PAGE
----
Other Lives are a five-piece from Stillwater, Oklahoma, a group intent on exploring the realms of big folk expansion and the potential for subtle grandeur. The Ennio Morricone influence is there, western spaghetti guitars couple with cinematic glissando’s in the string section to create that effect. So many aspects of this track are memorable, from the epic chorus to the hummed refrain: the catchiest one I’ve heard in years. The instruments are piled up, but it doesn’t feel claustrophobic in the slightest. When singer Jesse Tabish breaks into falsetto every time “it feels like forever”, the whole world stands still. And then that giddy-up groove starts things rolling again, and frankly it would be fine for the whole demo to never end.

2. Vampire Weekend –

I Think Ur A Contra



Perhaps the biggest shock of the mainstream music year was when relatively unknown merry indie outfit Vampire Weekend reached the number one spot on America’s billboard 200 with only their second album, Contra. And what’s that? It was released on an independent label!? Much success has clothed such a young band in such a short time, epitomized in their 3-minute-and-under indie pop songs that simply flash by, the only style of living most twenty-somethings know.

It is therefore befitting that the final track on the album and consequently the band’s discography thus far, illustrates a soft, slow and pensive side. And like the internal deviation of any artist, the audience don’t associate the new direction with the same act. Here we are subjected to the band’s first ever recording of an acoustic guitar and even more surprisingly a ballad song format. Ezra Koenig’s melody is still an infectious, albeit more fragile, little ditty and Chris Thomson’s rhythms are still über creative in the vast space. But quintessentially, the acoustic guitar is used as a rhythmic device causing interplay between the drums, rather than as a banal production technique to fill out the sound. Koenig abandons his clever storytelling in favour of lyrics shrouded in mystery and the unexpected drunken piano line that before seemed scattered, instantly becomes a refrain when it returns at the end on guitar. They may be starting to slow things down, but they’re still contemplating and complex.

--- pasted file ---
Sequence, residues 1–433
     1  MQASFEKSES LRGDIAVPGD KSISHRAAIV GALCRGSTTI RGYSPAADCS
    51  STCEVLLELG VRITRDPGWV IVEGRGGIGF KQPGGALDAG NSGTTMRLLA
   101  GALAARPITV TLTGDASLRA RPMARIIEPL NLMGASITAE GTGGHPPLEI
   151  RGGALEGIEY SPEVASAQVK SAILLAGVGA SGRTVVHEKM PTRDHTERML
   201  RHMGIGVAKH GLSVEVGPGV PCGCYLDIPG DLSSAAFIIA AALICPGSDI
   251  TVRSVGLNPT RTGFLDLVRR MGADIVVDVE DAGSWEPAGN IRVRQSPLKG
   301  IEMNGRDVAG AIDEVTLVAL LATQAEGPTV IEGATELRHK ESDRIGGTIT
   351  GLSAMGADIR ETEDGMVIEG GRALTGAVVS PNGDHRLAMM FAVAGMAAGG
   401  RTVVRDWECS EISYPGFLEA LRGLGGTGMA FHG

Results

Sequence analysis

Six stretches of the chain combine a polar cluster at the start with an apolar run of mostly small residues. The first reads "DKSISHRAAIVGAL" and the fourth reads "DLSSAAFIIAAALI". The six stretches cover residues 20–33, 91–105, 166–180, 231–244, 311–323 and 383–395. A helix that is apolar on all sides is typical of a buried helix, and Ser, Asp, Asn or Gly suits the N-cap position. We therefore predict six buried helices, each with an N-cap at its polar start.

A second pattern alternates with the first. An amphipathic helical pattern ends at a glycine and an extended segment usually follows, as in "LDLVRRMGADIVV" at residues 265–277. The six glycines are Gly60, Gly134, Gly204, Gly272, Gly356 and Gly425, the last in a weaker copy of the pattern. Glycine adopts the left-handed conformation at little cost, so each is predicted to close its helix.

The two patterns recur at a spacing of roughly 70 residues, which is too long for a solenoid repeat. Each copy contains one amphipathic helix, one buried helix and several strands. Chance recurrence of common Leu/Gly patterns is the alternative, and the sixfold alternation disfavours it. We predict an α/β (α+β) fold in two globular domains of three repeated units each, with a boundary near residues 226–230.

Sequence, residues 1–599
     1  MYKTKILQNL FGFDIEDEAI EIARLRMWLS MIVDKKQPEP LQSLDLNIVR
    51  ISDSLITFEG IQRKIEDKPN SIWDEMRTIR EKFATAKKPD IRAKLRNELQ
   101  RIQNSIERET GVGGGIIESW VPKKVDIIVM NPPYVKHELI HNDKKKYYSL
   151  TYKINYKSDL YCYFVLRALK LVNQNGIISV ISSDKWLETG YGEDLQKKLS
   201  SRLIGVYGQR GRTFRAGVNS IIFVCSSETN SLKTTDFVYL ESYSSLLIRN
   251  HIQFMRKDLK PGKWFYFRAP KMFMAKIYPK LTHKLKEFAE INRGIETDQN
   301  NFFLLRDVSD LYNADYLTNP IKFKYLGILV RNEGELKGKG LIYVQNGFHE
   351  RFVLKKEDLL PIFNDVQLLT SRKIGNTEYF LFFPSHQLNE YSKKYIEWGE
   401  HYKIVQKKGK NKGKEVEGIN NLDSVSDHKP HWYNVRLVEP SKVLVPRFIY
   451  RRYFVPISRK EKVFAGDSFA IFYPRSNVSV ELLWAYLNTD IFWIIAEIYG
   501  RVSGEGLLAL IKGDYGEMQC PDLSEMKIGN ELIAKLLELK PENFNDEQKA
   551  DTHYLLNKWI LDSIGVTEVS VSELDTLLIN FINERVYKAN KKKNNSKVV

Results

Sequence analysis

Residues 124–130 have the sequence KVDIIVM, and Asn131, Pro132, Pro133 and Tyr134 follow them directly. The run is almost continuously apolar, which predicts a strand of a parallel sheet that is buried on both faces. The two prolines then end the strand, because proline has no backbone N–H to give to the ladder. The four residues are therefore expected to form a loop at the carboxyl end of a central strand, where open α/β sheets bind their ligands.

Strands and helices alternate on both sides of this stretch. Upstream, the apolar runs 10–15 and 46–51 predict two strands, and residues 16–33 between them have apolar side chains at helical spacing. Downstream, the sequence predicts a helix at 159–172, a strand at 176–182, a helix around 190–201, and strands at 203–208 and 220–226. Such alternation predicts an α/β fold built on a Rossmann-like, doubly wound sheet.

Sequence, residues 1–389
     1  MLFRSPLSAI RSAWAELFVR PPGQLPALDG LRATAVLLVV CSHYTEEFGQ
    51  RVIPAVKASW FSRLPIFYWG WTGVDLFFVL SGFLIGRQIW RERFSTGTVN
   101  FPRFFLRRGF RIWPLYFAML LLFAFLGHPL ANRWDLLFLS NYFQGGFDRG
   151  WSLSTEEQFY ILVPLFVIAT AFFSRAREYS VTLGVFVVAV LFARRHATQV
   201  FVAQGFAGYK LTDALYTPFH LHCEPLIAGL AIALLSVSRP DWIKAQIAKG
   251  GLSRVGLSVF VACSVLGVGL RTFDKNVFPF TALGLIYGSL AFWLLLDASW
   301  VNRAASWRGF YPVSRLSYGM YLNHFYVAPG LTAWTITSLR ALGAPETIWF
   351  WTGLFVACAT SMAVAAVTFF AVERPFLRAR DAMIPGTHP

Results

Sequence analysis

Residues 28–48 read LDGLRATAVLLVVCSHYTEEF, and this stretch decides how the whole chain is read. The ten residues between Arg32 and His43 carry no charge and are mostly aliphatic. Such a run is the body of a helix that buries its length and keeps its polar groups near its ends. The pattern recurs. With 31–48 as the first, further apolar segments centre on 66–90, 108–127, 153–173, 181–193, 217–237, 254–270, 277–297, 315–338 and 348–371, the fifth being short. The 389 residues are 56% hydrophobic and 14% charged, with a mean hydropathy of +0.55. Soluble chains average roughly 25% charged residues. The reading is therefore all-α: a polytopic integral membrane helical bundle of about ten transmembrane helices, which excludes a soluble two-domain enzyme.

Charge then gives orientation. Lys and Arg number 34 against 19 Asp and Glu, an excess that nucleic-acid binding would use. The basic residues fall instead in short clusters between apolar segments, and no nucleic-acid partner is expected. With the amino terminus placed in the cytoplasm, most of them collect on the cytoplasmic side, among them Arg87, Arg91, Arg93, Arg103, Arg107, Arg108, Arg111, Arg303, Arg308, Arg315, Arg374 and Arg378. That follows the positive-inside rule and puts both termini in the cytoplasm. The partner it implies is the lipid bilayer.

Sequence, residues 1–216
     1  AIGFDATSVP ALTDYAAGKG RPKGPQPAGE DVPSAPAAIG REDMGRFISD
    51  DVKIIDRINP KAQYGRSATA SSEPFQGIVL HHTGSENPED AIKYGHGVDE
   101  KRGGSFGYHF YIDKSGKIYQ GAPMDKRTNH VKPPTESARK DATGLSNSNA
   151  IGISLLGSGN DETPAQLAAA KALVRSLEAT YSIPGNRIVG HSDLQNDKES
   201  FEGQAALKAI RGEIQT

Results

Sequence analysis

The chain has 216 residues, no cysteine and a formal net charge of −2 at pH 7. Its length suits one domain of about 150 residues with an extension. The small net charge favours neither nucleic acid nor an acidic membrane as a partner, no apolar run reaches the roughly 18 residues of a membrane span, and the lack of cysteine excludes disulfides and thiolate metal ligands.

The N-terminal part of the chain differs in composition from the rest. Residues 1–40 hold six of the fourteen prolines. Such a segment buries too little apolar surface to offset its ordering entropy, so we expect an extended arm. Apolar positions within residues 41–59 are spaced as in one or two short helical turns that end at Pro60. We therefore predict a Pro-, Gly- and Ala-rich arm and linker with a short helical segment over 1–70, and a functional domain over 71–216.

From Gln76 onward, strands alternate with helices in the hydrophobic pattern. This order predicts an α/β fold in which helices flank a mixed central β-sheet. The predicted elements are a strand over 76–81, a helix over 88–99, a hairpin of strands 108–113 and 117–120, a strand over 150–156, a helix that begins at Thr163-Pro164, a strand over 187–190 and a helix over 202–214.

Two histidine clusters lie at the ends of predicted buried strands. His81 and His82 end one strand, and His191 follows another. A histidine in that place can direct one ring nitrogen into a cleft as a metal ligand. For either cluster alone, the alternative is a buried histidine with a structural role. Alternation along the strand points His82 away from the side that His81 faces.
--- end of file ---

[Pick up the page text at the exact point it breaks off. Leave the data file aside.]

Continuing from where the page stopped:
1. Beach House –


[Bella Union]


Teen Dream is Beach House at their best, there is no question about it. A lot of the bands and artists in this list arguably released great albums this year, but none of these efforts contained a song as poignant and crafted as ‘Zebra’. Though they have suppressed the previously favoured “lost in subway tunnel” reverb, it’s still there in hordes courtesy of the converted church they used to record. Engineered by Chris Coady (Grizzly Bear) you can hear the angelic ‘Two Weeks’ vocal harmonies taking their toll.

The distinctive guitar line in parallel sixths does wonders throughout for harmonising Victoria Legrand’s heart-warming melody, the tune rising and falling like the chest of a sleeping human. Her lyrics are assonant goldmines; “wilderness for miles, eyes so mild and wise”, a poetry technique advertisers try to utilise since assonant phrases are proved to be catchier and easier to remember for consumers. There is an ever so subtle four-to-the-floor beat throughout which is soon buried by an intricately thought out rhythmic section. And that semi-tone in the chorus! Beach House occupy the shoegaze/dream-pop realm as skilled innovators without overdoing it, and this track from their début on Sub-Pop is a master-class in song writing.

10 Tracks : 41 minutes
-James Godwin, December 15th, 2010

Copyright © 2010. James Godwin. All rights reserved.